Cover photo by Dario Morandotti on Unsplash
Enormous amount of valid points - go read it immediately ... then drop back here if you want to hear a couple of things I have to say.
She advises that Friday deploy freezes are a smell and that companies who have them should move some people...
...onto your CI/CD process and observability tooling for as long as it takes to ✨fix that✨.
I'm afraid a problem has been overlooked which makes "✨fix that✨" a somewhat scary proposition:
You can improve your CI/CD pipelines and observability tooling as much as you want. It's not going to help.
You can yell at developers to reduce the size of the changesets. They won't be able to, after a point.
There is a prerequisite to frequent deploys & small changesets.
When Charity says:
Fix. That. Take some cycles off product and fix your fucking deploy pipeline.
I nod, sigh and wish it were that simple.
In the all-too-regular case of a broken development process the fucking deploy pipeline is the least of your problems.
It has a much smaller scope & complexity than the codebase. Just compare the number of lines of code vs. the pipeline. (I assume you have your CI pipeline 100% defined in source files. No? Go do that first.)
Also, you can't fix this problem with "some cycles", and especially not "off your product". Fixing that requires a mindset change. Doing things differently. All. The. Time. Forever.
As many have said before me, build code quality in.
Easier said than done, but here's a list of practices to get you started:
Understand the customer's vision by - wait for it - talking to them.
Transform it into a set of coherent goals.
Slice the goals/features into tiny chunks (a.k.a. stories) with each chunk having the smallest possible but still visible business impact.
Sort in order of business value (not always knowable but take your best guess and see what happens).
Don't transform the whole vision at once, nor slice all goals. Start from the most important parts, and stop when there's enough stories for a week or two. When those are in production (or a demo environment), continue slicing.
Ensure constant (daily, hourly) communication between customers, testers & developers, building the understanding of the requirements into executable specifications (tests) and driving the questions by trying to write the specifications to be executable.
Pay attention to architecture! Test-first doesn't guarantee your architecture is good, it just guarantees bad architecture will make your tests complex (a valuable canary in the mine).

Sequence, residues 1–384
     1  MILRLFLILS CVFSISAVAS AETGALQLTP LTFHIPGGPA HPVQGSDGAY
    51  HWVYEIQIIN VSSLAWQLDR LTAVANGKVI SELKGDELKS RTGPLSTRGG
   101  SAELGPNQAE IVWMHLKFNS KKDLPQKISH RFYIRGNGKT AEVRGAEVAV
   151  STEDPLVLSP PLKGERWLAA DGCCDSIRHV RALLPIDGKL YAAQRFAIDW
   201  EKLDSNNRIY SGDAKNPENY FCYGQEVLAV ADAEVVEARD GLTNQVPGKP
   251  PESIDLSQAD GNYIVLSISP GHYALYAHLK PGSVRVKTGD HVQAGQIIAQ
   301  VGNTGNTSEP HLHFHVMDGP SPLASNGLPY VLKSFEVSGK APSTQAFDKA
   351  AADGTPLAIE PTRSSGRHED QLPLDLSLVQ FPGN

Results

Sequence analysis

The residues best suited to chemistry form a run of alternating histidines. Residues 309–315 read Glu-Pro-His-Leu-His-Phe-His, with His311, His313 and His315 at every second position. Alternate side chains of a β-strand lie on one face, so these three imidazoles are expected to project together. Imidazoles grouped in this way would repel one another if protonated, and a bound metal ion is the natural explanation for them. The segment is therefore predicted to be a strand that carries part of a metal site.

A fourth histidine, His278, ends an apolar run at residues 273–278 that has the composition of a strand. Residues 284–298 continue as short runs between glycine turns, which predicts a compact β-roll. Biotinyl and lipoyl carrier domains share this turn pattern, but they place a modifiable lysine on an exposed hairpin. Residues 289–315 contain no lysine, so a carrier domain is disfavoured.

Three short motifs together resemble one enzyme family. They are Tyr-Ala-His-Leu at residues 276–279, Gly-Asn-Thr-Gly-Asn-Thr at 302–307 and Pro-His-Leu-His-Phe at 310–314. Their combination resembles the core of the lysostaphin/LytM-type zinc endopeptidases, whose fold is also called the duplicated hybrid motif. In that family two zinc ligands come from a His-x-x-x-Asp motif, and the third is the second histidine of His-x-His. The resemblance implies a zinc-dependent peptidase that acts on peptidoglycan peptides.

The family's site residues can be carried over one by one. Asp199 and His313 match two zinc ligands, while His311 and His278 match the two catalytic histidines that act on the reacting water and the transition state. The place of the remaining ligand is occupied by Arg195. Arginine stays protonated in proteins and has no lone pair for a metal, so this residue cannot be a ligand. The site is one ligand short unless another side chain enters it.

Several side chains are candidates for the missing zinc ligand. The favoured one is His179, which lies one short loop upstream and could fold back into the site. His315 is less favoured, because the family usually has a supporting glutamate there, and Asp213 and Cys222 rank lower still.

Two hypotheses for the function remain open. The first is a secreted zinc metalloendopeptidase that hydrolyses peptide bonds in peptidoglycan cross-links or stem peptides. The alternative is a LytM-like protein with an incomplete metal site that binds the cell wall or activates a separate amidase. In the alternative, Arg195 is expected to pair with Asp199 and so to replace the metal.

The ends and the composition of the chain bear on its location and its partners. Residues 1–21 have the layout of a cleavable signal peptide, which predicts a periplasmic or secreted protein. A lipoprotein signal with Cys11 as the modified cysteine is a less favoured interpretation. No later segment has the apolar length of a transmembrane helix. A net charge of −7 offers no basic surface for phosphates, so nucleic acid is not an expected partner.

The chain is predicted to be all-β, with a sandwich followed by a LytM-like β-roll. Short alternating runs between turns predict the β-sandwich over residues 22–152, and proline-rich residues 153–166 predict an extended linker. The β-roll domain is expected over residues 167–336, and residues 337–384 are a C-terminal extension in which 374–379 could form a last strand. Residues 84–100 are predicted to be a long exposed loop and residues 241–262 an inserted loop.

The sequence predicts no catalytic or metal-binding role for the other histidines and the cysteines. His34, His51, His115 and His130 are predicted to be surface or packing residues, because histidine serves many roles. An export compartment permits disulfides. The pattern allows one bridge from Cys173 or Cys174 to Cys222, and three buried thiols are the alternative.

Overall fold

Understand the difference between domain code & code facing 3rd party libs & frameworks. Push them apart.
Learn to apply SOLID and 4 rules of simple design. Apply them everywhere, every minute (in every refactoring, see below).
Test-drive the crap out of chunks of logic in your programs. It always does more than you see at first glance.
Thorns before the gold: First test the crappy situations, leave the happy path for last.
Don't forget to refactor, refactor, refactor. Clean up the code you just added/modified, and then clean up a bit around it.
Start using a type-system. Types are just a bunch of tests you write more quickly.
If you can't collaborate in any other way, at least review code regularly. Rotate reviewers all the time. Everyone's code should be reviewed and everyone should review code.
If you can, add pair programming & mob programming to the mix.
Pair programming is not two people doing the same job. It's two people doing the same job 4 times faster. (Why? Because all decisions the developers make are drastically improved. And developers make decisions all the time.)
In short, to me they look like manual processes which should be as automated as possible.
What do you do when you debug? You set a breakpoint and watch the state of the code when the execution arrives on it. The breakpoint should be a function call. The state should be the result value. Refactor the function into existence and write a test for it. You should not have an intimate knowledge of the debugger. Use it but you shouldn't have to use it often.
Everything you observe using observability tools can be observed by a machine. (Actually, a machine observes it first, then delivers it to you in a pretty format so you can make sense of it.) Write smoke, performance, security and other types of tests. That way you clarify the requirements (functional and the other ones) and write them down in an executable way so checking if they still hold requires pressing a button and reading the results. Like debugging, I'm all for observability, but automate what you can.
If it's truly a problem of a broken CI pipeline, you're in luck. Go read Charity's article and do everything she advises.
However, from my experience in IT, you usually have a bigger problem than that. Start applying the above practices to your development workflow. It's hard but worth it.